How My Writing’s Going These Days

Before I get to today’s topic, just a reminder that BookFunnel’s free ebook giveaway is still available till July 4th, which you can find HERE. My first two Casey Holland mysteries, The Opposite of Dark and Deadly Accusations are part of the roster of over 60 novels.

Now, as writers know, editing is a long-term process that can be frustrating, perplexing, satisfying, and rewarding. But it’s never fast, as least not for me. I’ve read countless blogs, how-to articles, and a few books on the process. The information is sometimes conflicting and doesn’t always work for me, but a huge part of the process is finding what does work.

When I’m editing my mysteries or fantasy novel, original ideas often evolve into something quite different than I originally imagined. Getting the words written is one thing, but telling a story that makes sense and doesn’t confuse readers or leave out crucial bits and nuances is challenging.

It comes down to, does the story work? The question often takes me three or four rewrites to answer. At that point I’m starting to really understand the story’s purpose, theme, and through lines. With this understanding, connections start to zing around my brain, often while away from the computer. This is the part where connections and clues come need to be inserted at specific points in the text.

So, even after four drafts, the focus isn’t on grammar, sentence structure, or spelling, and a final proofread still seems far away. I do make changes as I’m working on the bigger stuff. If it sounds arduous, it is sometimes, but I honestly enjoy the process of making each page more succinct and vivid for readers.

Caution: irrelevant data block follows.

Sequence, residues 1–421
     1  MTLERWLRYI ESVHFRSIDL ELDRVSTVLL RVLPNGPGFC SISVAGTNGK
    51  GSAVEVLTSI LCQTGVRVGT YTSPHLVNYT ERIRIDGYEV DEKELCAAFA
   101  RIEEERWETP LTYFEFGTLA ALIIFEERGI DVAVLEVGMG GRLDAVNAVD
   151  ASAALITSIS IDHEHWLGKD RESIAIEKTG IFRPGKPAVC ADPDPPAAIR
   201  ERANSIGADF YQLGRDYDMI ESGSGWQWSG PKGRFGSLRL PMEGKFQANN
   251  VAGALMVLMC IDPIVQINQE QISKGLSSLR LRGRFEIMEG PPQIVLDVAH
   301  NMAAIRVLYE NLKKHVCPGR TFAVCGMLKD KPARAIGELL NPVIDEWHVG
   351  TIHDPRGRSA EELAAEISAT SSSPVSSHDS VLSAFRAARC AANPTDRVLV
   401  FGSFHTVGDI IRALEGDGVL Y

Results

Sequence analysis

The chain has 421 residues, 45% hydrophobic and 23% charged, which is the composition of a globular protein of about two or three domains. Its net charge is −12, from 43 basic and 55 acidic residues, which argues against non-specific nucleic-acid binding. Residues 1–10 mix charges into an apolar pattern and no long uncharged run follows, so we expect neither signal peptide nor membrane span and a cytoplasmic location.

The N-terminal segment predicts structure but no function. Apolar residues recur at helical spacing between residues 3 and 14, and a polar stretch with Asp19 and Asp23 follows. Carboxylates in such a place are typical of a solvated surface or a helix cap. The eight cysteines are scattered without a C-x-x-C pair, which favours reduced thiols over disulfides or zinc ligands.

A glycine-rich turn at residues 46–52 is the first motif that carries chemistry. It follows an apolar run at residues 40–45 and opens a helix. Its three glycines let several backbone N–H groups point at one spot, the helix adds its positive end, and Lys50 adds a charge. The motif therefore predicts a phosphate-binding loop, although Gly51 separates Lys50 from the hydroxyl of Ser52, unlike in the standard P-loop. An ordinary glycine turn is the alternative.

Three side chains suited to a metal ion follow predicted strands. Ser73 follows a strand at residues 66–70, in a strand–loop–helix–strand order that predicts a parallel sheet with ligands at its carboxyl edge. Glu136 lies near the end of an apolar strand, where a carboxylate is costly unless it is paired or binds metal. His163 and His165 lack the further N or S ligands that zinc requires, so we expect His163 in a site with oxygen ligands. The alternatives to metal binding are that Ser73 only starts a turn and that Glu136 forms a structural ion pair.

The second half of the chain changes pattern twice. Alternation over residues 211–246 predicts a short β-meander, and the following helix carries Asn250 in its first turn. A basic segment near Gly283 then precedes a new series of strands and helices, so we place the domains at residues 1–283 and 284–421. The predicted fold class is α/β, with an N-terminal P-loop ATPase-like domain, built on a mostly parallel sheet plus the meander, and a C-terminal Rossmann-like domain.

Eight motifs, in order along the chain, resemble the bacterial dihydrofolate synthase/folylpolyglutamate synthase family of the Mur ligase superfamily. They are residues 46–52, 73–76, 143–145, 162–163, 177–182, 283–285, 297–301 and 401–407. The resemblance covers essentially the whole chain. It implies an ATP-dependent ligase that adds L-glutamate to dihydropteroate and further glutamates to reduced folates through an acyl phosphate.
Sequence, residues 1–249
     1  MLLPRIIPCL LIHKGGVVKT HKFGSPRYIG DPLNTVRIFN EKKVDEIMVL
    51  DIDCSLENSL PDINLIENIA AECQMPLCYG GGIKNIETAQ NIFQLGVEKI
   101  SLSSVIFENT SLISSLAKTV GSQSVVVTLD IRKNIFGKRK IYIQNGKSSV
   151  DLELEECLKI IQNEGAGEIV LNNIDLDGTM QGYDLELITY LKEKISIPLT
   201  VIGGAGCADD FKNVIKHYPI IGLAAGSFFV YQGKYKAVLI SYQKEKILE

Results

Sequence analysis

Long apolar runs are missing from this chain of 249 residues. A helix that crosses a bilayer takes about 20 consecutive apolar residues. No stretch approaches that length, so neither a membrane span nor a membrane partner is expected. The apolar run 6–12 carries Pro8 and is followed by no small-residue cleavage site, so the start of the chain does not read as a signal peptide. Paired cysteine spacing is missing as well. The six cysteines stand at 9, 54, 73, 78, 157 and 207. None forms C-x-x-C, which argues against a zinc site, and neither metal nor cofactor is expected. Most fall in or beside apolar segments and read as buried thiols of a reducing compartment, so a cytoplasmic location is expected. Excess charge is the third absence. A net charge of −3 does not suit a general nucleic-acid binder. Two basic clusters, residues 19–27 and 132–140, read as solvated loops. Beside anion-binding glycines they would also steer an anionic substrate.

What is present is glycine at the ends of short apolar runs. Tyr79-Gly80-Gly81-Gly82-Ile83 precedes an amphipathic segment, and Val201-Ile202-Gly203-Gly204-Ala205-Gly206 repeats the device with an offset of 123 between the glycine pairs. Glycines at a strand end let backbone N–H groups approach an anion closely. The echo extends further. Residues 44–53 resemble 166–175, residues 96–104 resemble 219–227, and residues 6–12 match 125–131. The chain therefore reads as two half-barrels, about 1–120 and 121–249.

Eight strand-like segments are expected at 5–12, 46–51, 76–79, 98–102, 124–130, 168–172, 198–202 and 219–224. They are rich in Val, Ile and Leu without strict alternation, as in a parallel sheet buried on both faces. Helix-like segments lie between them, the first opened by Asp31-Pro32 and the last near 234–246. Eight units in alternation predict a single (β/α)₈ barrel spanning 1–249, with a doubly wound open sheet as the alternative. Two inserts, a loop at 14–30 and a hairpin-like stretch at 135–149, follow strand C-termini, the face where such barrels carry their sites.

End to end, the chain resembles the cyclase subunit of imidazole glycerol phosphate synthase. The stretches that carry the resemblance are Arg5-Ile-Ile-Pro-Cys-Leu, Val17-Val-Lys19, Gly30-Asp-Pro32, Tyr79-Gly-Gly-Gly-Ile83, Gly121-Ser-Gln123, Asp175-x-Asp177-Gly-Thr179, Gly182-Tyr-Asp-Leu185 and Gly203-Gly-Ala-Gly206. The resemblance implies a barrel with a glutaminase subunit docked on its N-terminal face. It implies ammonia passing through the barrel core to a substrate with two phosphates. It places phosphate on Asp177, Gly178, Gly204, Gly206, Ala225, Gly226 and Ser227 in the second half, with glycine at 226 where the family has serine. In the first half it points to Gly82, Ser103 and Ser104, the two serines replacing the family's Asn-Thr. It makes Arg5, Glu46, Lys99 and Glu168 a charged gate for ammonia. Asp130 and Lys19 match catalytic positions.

Last week I completed the sixth draft of my urban fantasy, which took about a year, averaging a couple of hours a day. As I’ve mentioned on previous blogs, afternoons are usually slotted for other writing tasks and projects. My goal was to pare the book down from 125,000 words. By the end of draft #6 it was 120,000 words, but I’d also added some key elements, thanks to insightful comments from my critique group. With the seventh draft, I’ll still be looking to shorten it, and hopefully, there’ll be more taking out than adding in.

I’ve been working on the seventh draft for about ten days now and it’s going faster than the previous drafts. Of course, I could be deluding myself. Still, I plan to make a major push over the coming weeks, given that I’ll soon become a part-time babysitter for my granddaughter. That’ll be a whole new challenge in itself, but a joyful one.

Author: debrapurdykong

I'm a British Columbia author who's been writing for over 30 years. My volunteer experiences, criminology diploma, and security work inspired me to write the Casey Holland transit security novels set in Metro Vancouver. I'm also a part-time facilitator in Creative Writing Workshops through Port Moody's Recreation program. Feel free to contact me at

12 thoughts on “How My Writing’s Going These Days”

  1. Great advice. “Does the story work?” Critical and not always obvious. I loved what you said about connections ‘zinging’ through the brain. If you aren’t a writer, that doesn’t make sense. If you are, you’ve experienced it.

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  2. So glad to learn the urban fantasy is getting closer to publication. Sparks of inspiration away from the computer occur to me too. I learned a good strategy from another writer when that happens — I immediately take out my phone and record the idea, otherwise it’s gone within no time.

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  3. I completely understand. I used to dislike the editing process but now I enjoy it. It is so satisfying to see the polished product at the end. I recall saying to my husband after the 12th revision of one of my earlier books, “It’s a good thing I like this story because I almost have it memorized.” You will have fun babysitting, a great time to create a bond with your granddaughter.

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  4. You are doing really well – seven drafts in one year.!! Based on your description of how this draft is going, I’d say you are close to the final product, content-wise. When you find that you mostly edit for length and issues, I think the story is complete. Nice to have a critique group. I like the writing phase and the editing/proofreading phase. The rewriting is probably my least favorite of the bunch. But, I’ve never written fiction before… Enjoy the final push!

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